Why menswear needs Martine Rose
Roula Khalaf, Editor of the FT, selects her favourite stories in this weekly newsletter.
A sweltering summer evening in London – one of the few the capital will see this year – and the fashion industry is cramming into a small church community centre in Highgate. The essentials of the place haven’t changed in decades – old pub stools, discernibly sticky floors – but multicoloured lights dot the ceilings, a walkway has been carved out among the tables, and an LED ticker tape at the far end of the room spells out in a vivid sex-club red the reason we’re here: SS24 MARTINE ROSE. The atmosphere is buzzing and congenial. The artist Alvaro Barrington, sitting on one faded banquette, says that it all reminds him of church gatherings where he grew up in Brooklyn. “It’s genuine,” he says.
We are already deep in the world of Martine Rose. Electric and eccentric, heavy on community and diversity but also undeniably sexy and louche: this is the London-born designer in a nutshell. The locale is pretty standard for her, considering she has also shown in both her daughter’s primary school and in an old sauna. Finally, over thudding house, a very varied selection of models strut out in a mix of avant-garde workwear and tailoring: hi-vis details paired with slouchy jackets; roomy sportswear clashing with lacy camisoles; elegant swishing coats topped off with baseball caps and pearls. It is both off-kilter and familiar, as though the casts of Only Fools and Horses and Top Boy had decided to weekend in Ibiza.
“I was looking at the line-up just before everyone was going on,” says Rose, 43, a few weeks later, “and I was like, ‘But this is London, innit?’ And I know it does sound cheesy. But it’s best of British – what being British, particularly London, is at its core.”
Martine Rose created her namesake label 16 years ago, working in pubs and clubs to fund her first collections. Slowly, incrementally, she has shifted from cult outsider to industry heavyweight, worn by Rihanna, Drake or Kendrick Lamar – who gave her the ultimate accolade of namechecking her in a song. Long-rumoured to be in the running to replace the late Virgil Abloh at Louis Vuitton, she has hardly been held up by losing out on the gig to Pharrell Williams. She made her international debut at Florence’s Pitti Uomo in January, her latest collection for Nike was unveiled during the Women’s World Cup, and she was recently announced as guest creative director for Clarks – the shoe company’s first in 200 years.
Outside investment from “brand accelerator” Tomorrow, which acquired a 60 per cent stake in the business in 2021, has turned the independent outfit into a feasible financial proposition, with 15 employees (and nearly as many regular freelancers) and 181 stockists in 27 countries. The company is still small and doesn’t reveal its turnover, but its influence is huge: the designer’s consulting for Balenciaga menswear, melding her aesthetic with that of creative director Demna, was a key part of the brand’s vast growth. If you’ve ever seen a twentysomething male heading out in a wide wonky jean, or a top bearing a wittily upended logo, then you’ll have seen this influence at work too. Once she sold T-shirts reading “Martine: Probably the Best Designer in the World”, a typically tongue-in‑cheek riff on the famous Carlsberg advert. The thing is: many think she might be.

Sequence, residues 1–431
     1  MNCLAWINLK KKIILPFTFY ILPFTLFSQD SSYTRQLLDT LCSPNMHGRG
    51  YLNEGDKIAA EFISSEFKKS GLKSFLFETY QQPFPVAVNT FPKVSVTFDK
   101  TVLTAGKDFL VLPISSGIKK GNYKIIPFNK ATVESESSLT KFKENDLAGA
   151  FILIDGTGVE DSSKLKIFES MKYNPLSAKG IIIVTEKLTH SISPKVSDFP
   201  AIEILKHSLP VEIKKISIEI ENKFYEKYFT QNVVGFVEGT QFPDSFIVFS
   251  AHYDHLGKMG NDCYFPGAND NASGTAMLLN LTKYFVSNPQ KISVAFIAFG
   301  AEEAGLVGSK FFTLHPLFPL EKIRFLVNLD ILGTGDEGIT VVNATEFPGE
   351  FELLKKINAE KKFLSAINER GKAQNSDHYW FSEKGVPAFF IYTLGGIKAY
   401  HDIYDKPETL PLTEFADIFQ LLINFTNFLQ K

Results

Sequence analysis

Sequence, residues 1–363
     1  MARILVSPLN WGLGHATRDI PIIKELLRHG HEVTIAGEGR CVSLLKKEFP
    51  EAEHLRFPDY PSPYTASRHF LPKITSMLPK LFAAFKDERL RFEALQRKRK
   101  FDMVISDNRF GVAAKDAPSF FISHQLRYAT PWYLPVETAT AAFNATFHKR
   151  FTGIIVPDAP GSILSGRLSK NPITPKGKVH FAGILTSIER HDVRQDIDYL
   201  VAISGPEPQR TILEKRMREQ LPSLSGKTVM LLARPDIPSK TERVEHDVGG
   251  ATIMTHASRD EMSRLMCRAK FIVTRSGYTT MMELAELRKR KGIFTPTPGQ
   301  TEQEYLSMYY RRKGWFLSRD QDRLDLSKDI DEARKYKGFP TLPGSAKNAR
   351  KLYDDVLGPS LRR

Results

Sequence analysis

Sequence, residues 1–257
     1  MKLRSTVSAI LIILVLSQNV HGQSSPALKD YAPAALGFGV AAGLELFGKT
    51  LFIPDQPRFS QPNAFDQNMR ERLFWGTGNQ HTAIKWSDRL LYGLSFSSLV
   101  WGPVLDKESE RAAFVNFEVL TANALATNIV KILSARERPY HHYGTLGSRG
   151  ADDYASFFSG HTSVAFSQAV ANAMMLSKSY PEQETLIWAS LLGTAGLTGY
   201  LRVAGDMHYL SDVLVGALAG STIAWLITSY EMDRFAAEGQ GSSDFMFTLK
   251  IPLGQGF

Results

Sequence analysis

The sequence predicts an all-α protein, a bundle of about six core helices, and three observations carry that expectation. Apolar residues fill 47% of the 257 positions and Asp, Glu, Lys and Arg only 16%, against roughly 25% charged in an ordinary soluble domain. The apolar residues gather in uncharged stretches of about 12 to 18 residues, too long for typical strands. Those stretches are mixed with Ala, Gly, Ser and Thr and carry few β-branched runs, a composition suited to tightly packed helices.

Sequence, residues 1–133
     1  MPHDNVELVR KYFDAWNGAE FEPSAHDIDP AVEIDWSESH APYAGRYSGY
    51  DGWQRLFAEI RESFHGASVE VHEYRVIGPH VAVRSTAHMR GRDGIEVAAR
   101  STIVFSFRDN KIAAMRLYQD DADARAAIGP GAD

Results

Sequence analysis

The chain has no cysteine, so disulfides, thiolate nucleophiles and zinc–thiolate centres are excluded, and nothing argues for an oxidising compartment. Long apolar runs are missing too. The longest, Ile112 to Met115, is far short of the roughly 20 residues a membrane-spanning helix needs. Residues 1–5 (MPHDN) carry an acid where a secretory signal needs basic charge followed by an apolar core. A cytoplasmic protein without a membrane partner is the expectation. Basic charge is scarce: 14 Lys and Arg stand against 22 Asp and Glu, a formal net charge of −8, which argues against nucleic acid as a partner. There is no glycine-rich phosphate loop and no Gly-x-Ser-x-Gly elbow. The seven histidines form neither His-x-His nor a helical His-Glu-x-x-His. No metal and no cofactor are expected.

“For me, she’s in the top two best menswear designers that exist right now, with Raf Simons,” says Stavros Karelis, whose boutique Machine-A has stocked the brand for more than a decade. “People are talking nonstop about Martine in China right now. Our store in Shanghai is almost a barometer of popularity among the 88 brands that we stock – and Martine is one of the most requested.”
For Lulu Kennedy, founder of Fashion East, who first saw Rose give a presentation of shirts in a Soho members’ club more than a decade ago, the recognition is long overdue: “She waited a long time for people to catch up.” Kennedy finds Rose’s mash-up of musical and sporting influences – rave or northern soul, football or cowboy – fascinating. “And the office tropes,” she says. “It’s so hot and it’s so wrong. It’s a bit like: imagine if I fancied the estate agent?”
In her studio, the woman herself doesn’t give the impression of eyeing world domination. “I’m not a planner.” She shakes her head. “I’m not a strategist.” Has she ever tried to be one? “No!” A small, warm presence, Rose sits in a swivel chair at her desk, dressed in a faded black T-shirt, camouflage combats and black Nike trainers, various pieces of smart gold jewellery on her fingers and wrists. The open-plan HQ is crammed with clothes, photographs, boxes, prototypes; an image of the Stella Artois logo sits on a photocopier, hinting at a future collaboration. “When I first started the business, people were like, ‘Who’s your target audience?’” she recalls. “And I really tried to be methodical and to plan. And I lost my instinct, or something. It becomes flat. So I like to fly by the seat of my pants.”